(b) Solvent -- After brief investigation and referring to T1400711, I got some acetone from CTN, and set up a ~ 50 ml bath. The part was not completely submerged and was arranged such that the grating face was always exposed to air, which I left for ~14 hours. The drawback of this method is that some of the acetone evaporated and at some point the EP30 bond stopped being in contact with the solvent. A picture for reference is attached, with the light blue line indicating the highest acetone level, and the red line indicating the EP30 bond level at the beginning of the bath.
Log of the output power vs current in the 1064 nm (Innolight) pump laser. The crystal temperature was set to 45.5 C, and the current limit is set to 2.1 A
I placed the two beam profilers with the two laptops and chargers right inside the Crackle lab, as requested by Paco.
Note: Please don't try to connect these old Windows to the network. We just extract the data via USB etc, and that's all the connection we allow.
Used BeamR and WinCamD to profile the two light sources (ECDL and OPO pump)
(1) ECDL; profile 19** nm beam after the aspheric lens. I guess we want this beam to be nominally collimated for optimal feedback with the Littrow-configured grating, so I recorded the 1/e^2 waists (x, y) as a function of longitudinal displacement. The result is attached below. Linear fits provide rough estimates for the beam divergences, giving 2.0 mrad along x (parallel to the table) and 1.2 mrad along y (normal to the table) suggesting some astigmatism which is common in high NA aspheric lenses. I inspected the distance from the aspheric lens to the SAF gain chip and measured ~ 2.0 mm (compared to the 1.99 mm working distance specified for this lens with NA=0.71). The SAF1900S specifies a beam divergence angle of 35 deg (corresponding to NA=0.57), so there is room for improvement by tweaking the aspheric flexure alignment.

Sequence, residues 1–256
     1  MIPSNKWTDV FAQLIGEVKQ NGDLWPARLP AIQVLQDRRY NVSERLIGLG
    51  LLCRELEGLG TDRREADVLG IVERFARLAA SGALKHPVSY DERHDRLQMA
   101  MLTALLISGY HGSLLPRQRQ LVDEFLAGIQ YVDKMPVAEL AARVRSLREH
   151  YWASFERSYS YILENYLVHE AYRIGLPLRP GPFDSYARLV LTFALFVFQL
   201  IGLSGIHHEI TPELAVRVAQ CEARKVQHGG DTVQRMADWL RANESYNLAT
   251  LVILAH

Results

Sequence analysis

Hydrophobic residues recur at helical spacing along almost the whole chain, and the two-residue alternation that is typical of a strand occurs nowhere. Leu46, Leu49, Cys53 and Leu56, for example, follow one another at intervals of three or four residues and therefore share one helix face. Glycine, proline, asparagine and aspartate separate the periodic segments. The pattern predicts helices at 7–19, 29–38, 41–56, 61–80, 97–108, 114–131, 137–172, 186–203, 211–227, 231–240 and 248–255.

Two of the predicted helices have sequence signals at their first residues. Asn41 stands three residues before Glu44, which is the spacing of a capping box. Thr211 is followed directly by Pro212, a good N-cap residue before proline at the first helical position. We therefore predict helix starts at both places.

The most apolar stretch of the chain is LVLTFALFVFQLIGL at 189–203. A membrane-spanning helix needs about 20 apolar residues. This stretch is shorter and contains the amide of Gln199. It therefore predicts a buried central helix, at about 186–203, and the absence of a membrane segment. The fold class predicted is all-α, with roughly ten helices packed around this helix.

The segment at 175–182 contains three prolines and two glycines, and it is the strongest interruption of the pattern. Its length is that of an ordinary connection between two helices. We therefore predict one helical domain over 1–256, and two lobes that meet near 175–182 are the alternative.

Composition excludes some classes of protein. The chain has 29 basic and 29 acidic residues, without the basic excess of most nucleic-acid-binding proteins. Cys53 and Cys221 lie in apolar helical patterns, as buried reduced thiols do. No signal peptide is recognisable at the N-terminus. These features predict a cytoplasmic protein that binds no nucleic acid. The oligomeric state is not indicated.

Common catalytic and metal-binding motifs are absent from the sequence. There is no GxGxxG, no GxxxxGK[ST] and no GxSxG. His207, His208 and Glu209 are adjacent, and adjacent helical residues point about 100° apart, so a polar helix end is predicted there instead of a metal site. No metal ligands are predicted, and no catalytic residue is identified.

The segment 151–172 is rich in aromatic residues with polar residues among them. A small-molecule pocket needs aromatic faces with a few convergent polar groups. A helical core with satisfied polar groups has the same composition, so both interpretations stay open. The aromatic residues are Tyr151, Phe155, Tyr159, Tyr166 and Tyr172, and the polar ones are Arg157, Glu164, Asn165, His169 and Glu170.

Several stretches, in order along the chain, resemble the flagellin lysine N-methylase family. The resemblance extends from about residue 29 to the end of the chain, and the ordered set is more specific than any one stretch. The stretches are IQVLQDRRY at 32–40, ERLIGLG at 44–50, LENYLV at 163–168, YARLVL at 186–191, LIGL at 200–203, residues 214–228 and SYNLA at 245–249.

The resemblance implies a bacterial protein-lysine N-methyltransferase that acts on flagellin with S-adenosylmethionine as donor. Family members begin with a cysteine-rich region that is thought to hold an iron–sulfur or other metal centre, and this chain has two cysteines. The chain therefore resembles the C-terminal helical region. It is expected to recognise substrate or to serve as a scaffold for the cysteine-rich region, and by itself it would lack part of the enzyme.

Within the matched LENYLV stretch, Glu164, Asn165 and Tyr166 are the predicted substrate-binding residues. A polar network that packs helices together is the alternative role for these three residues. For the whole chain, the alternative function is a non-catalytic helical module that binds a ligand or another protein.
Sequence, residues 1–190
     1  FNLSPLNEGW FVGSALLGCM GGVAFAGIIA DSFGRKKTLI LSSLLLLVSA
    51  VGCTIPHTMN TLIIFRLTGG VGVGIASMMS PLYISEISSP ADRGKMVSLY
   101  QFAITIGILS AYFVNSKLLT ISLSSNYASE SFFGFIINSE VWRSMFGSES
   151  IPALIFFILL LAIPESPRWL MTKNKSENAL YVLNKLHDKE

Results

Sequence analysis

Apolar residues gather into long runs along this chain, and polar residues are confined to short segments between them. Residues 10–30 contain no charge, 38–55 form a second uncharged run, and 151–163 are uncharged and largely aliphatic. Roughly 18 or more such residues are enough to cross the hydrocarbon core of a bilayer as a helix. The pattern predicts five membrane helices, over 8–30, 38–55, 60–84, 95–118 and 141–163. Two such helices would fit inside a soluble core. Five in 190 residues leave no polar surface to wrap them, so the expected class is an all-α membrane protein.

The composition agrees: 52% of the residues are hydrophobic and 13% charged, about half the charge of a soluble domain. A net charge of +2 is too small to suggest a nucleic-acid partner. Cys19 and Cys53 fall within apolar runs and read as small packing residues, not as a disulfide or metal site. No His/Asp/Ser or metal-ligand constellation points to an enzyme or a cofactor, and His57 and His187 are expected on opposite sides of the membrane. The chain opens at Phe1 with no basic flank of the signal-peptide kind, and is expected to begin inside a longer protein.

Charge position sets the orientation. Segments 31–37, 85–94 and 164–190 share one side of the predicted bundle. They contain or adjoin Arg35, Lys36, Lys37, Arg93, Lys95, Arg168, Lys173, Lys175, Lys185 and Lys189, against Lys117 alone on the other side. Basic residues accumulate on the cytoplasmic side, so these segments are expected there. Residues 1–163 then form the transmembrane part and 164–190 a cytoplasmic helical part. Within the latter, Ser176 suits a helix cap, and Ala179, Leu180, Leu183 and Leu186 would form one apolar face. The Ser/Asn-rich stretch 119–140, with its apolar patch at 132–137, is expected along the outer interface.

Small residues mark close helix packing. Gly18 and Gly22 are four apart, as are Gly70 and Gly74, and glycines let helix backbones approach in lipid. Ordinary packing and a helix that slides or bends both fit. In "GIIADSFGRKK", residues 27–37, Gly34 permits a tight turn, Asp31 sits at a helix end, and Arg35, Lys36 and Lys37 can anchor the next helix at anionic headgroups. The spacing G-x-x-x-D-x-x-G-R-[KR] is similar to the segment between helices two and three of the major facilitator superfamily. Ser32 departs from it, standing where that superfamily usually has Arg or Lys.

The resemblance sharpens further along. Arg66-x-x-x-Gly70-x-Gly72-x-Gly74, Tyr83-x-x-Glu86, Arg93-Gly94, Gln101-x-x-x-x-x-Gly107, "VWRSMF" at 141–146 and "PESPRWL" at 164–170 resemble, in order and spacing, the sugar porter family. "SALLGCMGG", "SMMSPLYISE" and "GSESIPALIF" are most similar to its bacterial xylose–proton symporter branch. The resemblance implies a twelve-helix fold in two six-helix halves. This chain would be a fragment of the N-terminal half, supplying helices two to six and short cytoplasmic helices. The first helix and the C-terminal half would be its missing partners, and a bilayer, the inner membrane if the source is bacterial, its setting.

(2) NPRO; profile 1064 nm beam at low power (~10 mW) right after the head output. Having 10x more power made things way easier for this as compared to the ECDL, but the method was the same (record 1/e^2 waists as a function of longitudinal displacement). The result is attached below. Linear fits provide rough estimates for the beam divergences, giving 2.1 mrad along x, and 2.1 mrad along y. Here I grabbed the specified divergence of 2.3 mrad from a relatively old manual, and even drew the displaced waist profile (w0 = 160 um) which seemingly fit the profile, but the actual values may be different.